“The point of the Massive is that 100 bikes isn’t any different from one bike,” he continued. “For some reason it takes 100 for people to notice. People need to notice that we are a type of traffic. We’re not protected by bubbles. We can get hurt very easily. It’s dangerous to ride, I feel very fortunate that I’ve never smeared myself. I’ve been hit by cars twice now I’ve come out pretty good, but not everyone is so lucky.”

Driver awareness of bikes has been an ongoing problem here in San Marcos. With the school year in session, it‘s compounded by the increased amount of pedestrian and street traffic. Parker explained; “It’s illegal to ride on the sidewalk. That’s just a fact. There’s no bikes on sidewalks; this is against the law wherever you go. There’s no bike lanes in this town, and I’m fine with that. I feel that it’s better for bikes to be in a lane. That would be the other statement. There’s nothing wrong with a bike taking up a lane if there’s two lanes in the road. It’s way safer, and if they get on the shoulder and try to pretend like there’s a bike lane two things happen. That’s where all the debris gets kicked off and people will just pretend to pass them. Instead of going in the other lane and passing them as if they were in a whole lane, they’ll just kind of nudge around them. Sometimes you don’t even have to hit them, you can just startle a cyclist by just getting too close, and you can run them off the road and kill somebody.”

“If I had any real goal, I want people driving to know that I’m on the streets. In this town my goal outside of the Massive is to get as many people on bikes (as possible). I’ve been all over this country on my bike and ridden all over some big cities,” claims Silas. “Some are very nice, and very accessible – especially on the west coast – but this town is built for a bike. There are hills, but there are no big hills. They’re all just short enough that when you get to the other side there’s a fun downhill. It’s not like there’s a high side of town that’s really hard and that you would just have to drive to get around near the mountains or something. It’s a wonderful town to bike in and it’s almost inappropriate to drive sometimes.”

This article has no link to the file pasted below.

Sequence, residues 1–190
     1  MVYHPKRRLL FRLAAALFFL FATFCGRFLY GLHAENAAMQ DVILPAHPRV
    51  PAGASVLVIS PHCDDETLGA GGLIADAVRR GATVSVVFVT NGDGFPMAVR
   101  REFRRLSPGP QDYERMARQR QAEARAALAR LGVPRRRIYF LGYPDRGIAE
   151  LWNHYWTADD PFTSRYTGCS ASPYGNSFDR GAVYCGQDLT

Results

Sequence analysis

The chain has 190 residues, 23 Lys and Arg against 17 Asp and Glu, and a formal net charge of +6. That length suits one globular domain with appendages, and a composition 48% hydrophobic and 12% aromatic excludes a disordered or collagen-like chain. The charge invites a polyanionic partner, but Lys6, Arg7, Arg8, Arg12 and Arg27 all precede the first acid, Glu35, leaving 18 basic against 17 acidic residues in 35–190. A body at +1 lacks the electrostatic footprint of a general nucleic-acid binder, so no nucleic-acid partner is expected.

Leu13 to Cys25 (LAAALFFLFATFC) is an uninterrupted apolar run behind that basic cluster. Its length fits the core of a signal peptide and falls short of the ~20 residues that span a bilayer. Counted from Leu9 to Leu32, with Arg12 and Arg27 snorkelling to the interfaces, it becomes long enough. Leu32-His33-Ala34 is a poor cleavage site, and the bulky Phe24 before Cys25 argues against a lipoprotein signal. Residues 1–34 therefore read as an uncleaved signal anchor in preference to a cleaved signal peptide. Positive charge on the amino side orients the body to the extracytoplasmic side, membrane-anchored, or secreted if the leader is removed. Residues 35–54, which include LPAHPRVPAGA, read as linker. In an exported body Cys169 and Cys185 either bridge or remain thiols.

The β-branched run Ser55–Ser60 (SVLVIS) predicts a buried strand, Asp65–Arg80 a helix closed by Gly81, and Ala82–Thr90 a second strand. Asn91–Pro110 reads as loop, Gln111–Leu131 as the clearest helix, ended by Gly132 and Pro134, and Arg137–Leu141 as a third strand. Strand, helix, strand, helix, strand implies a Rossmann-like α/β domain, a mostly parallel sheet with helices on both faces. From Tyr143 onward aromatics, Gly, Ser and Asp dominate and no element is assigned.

One positive aspect of more people riding bikes, aside from the obvious health benefits to the individuals, would be less traffic, and thus less need to keep constructing new roads that take up our lovely hill-country green spaces. “My biggest fear with cars and the rate that people are buying and using them exclusively to get to work and in everything that they do,” says Parker, “is the roads. Every time they build a new road, that road is there forever. They have to pave all that space and they have to destroy the land underneath it because they put in all the pipelines and these other things like electric wires underneath them. These roads will always be there. In the future there will be many places to park, but not so many places to play. Prairies are all turning into roads. Anything that’s easily transformable like flat prairie land, they transform into roads and parking lots, and those will always be there. We will never get those back.”